Men are from Mars. Women are from Venus.
Nope. All humans have been born on Earth so far. Culturally, men and women may interact as aliens, but anatomically, they are strikingly similar.
Well, men are different than women, right?
Between the sexes, there are more similarities than differences, so I’d go with mostly the same. One chromosome out of 46 is different between males and females (that’s just over 2% difference!). Most of the basic body parts are from the same tissue origins, with the same blood supply, the same nerve control, and the same function.
It’s the shape of people’s genitals that is confusing the issue. Humans start with the same basic embryonic tissues. As development and differentiation progresses the shape of the genitals is what changes. It is the differences in shape that we recognize as “male” and/or “female”.
Why does it matter?
First, if you consider that the shape of your genitals determines what you’ll get paid at work, it matters.
- Sexually, when we believe that males and females are so different in their function and beliefs that they must have been born on different planets, we have a major education problem.
- If you start with the assumption that men are different than women in sexual interest, drive, performance, and satisfaction, then you will medically diagnose and treat women differently than men.
- If, instead, you start with the correct view that men and women are slightly different, you can more successfully grapple with questions of sexual function.
Adam was Eve, for 10 weeks anyway.
Perhaps Ev-adam is a better name. From conception until the 10th week of gestation, all embryos have the parts to become female and/or male. Development drives the embryo towards a female body shape unless testosterone pushes the embryo off that path. This is called unimorphic development, because all fetuses will develop into a female shape unless the Y chromosome is present AND produces sufficient levels of testosterone.
Mothers always give an X chromosome.
Inside each cell, all humans have one “X” chromosome which they got from their biological mother. X chromosomes are critical for survival so everyone has at least one in every cell.
Fathers determine chromosomal sex of the fetus.
Men are responsible for the sex of a fetus, because men produce X and Y chromosomes. Which ever one gets to into an egg (where one X is already waiting) determines which sex that particular fetus will be. If an embryo gets an X-laden sperm from the biologic father, congratulations--it’s a girl. If an embryo gets a Y-laden sperm from the biological father, congratulations--it’s a boy.
In this sense, the wives of English King Henry the VIII really got a bad rap: he killed several because they only produced female children, even though he was responsible for the sex of his offspring.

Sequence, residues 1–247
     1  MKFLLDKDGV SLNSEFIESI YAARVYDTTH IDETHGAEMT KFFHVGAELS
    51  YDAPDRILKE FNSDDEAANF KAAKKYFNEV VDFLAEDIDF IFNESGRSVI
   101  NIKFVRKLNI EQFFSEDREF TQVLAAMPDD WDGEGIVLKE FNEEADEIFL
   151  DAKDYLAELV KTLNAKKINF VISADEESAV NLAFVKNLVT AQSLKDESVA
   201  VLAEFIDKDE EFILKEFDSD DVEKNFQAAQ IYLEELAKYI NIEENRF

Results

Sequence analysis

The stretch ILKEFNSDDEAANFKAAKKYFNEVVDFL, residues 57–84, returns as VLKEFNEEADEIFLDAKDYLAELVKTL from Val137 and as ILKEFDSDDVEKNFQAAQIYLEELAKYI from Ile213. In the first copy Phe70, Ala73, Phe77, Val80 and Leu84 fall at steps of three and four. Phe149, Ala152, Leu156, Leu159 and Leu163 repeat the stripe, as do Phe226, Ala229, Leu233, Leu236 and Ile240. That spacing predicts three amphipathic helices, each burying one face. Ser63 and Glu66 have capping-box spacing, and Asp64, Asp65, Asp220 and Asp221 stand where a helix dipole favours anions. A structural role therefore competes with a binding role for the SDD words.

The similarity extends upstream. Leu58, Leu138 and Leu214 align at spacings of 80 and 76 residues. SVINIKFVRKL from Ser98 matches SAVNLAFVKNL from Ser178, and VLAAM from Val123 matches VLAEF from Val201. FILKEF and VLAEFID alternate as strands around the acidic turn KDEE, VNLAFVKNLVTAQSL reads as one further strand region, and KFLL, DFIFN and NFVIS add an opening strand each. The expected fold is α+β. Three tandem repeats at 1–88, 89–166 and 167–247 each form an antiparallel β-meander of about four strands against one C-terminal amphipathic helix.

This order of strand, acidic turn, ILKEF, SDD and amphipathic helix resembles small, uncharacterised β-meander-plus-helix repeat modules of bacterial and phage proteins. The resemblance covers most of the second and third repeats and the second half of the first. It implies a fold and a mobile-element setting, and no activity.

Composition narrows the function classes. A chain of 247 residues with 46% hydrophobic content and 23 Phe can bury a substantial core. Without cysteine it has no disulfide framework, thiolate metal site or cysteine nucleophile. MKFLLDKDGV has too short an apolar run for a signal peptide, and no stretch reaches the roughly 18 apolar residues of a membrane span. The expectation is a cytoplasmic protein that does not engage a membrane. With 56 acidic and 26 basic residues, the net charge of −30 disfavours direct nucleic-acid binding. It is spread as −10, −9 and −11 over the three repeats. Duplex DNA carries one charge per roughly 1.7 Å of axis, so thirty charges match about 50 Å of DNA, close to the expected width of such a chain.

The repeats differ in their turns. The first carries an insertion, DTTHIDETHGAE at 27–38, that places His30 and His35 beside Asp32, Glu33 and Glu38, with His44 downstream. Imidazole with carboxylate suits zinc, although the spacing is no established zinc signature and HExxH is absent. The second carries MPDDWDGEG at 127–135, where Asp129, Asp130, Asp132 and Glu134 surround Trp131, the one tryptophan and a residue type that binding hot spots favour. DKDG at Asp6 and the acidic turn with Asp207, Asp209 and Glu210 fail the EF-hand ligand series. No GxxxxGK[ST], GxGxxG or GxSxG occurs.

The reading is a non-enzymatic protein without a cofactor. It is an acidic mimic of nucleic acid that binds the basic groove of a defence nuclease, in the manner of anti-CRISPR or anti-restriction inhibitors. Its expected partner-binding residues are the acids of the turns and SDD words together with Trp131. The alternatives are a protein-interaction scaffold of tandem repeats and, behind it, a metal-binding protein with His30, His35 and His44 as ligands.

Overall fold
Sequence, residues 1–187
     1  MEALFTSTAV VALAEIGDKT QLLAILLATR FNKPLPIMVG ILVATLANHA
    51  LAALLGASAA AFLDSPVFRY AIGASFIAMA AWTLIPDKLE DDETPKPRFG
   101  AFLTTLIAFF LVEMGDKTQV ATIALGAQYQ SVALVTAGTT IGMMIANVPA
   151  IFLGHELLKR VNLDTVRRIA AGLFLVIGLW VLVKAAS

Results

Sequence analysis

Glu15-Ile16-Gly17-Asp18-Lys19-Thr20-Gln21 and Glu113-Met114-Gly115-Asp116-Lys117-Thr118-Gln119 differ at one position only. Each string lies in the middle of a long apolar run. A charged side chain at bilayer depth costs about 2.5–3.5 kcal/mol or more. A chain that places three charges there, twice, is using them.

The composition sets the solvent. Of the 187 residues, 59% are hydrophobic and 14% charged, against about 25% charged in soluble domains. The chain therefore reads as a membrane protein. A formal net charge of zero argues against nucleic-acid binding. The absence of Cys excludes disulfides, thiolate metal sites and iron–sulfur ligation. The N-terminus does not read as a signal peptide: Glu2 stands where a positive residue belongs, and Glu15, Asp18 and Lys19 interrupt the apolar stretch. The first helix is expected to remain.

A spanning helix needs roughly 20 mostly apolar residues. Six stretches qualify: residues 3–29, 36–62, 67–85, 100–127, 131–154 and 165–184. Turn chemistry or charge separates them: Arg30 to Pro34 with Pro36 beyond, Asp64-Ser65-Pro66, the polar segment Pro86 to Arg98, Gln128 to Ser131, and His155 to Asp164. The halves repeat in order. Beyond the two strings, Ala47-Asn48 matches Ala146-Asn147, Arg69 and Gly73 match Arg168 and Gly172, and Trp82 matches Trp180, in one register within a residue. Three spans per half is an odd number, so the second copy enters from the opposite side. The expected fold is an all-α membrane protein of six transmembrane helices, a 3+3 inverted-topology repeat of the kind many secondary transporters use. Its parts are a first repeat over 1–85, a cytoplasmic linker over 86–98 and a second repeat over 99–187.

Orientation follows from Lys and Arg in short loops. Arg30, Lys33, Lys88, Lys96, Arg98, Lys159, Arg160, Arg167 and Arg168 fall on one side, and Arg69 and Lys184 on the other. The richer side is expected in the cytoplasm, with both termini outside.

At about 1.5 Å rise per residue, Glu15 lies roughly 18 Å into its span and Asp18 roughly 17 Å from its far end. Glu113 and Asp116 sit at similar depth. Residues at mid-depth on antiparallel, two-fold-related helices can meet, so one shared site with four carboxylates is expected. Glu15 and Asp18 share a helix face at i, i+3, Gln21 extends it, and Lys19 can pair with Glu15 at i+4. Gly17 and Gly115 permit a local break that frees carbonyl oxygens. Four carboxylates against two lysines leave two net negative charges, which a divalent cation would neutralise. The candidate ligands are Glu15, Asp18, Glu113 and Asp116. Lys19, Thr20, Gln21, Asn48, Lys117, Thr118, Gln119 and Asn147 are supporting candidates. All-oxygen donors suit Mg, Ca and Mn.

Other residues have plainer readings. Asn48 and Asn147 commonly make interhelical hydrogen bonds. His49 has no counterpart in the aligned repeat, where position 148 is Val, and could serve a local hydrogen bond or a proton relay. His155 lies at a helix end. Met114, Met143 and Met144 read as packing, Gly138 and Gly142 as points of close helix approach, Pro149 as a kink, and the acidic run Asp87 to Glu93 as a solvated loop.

What does the Y chromosome do?
- From conception up until 10 weeks. two systems develop side-by-side. One system is the Paramesonephric System (female, aka Mullerian), and the other is the Mesonephric System (male, aka Wolffian). Each system has the potential to develop, and both are “standing by” in every fetus until the presence (XY=Male) or absence (XX=Female) of the testosterone surge.
- At 10 weeks gestation, the Y chromosome causes the hormonal system of the male fetus to produce a surge of testosterone that is 3-5 times larger than any adult male will ever experience.
- This testosterone surge essentially re-forms most of the existing body parts, lengthening the clitoris, paraurethral and urethra tissue, while zipping up the labia minora.
- The labia majora are relatively flat, but will fill out into the scrotum when the testes drop down through the abdominal wall sometime at or just after birth.
Geek ALERT: Technically, the change from the undifferentiated gonad to a testis requires a gene called SRY, which is located on the short arm of the Y chromosome. Without this gene, the undifferentiated gonad will develop into an ovary, complete with ova. If present, the gene SRY causes fetal testosterone production to surge. This surge stimulates development of the wolffian structures (epididymis, vas deferens, and seminal vesicles), whereas a substance called antimüllerian hormone suppresses development of the fallopian tubes, uterus, and vagina.
The main point is that although men and women may appear somewhat different as adults, they all embryonically developed from the exact same structures. Men and women have the same nerves, same genital arousal structures (clitoris = clitoral caverns), same blood vessels, same biochemistry, etc.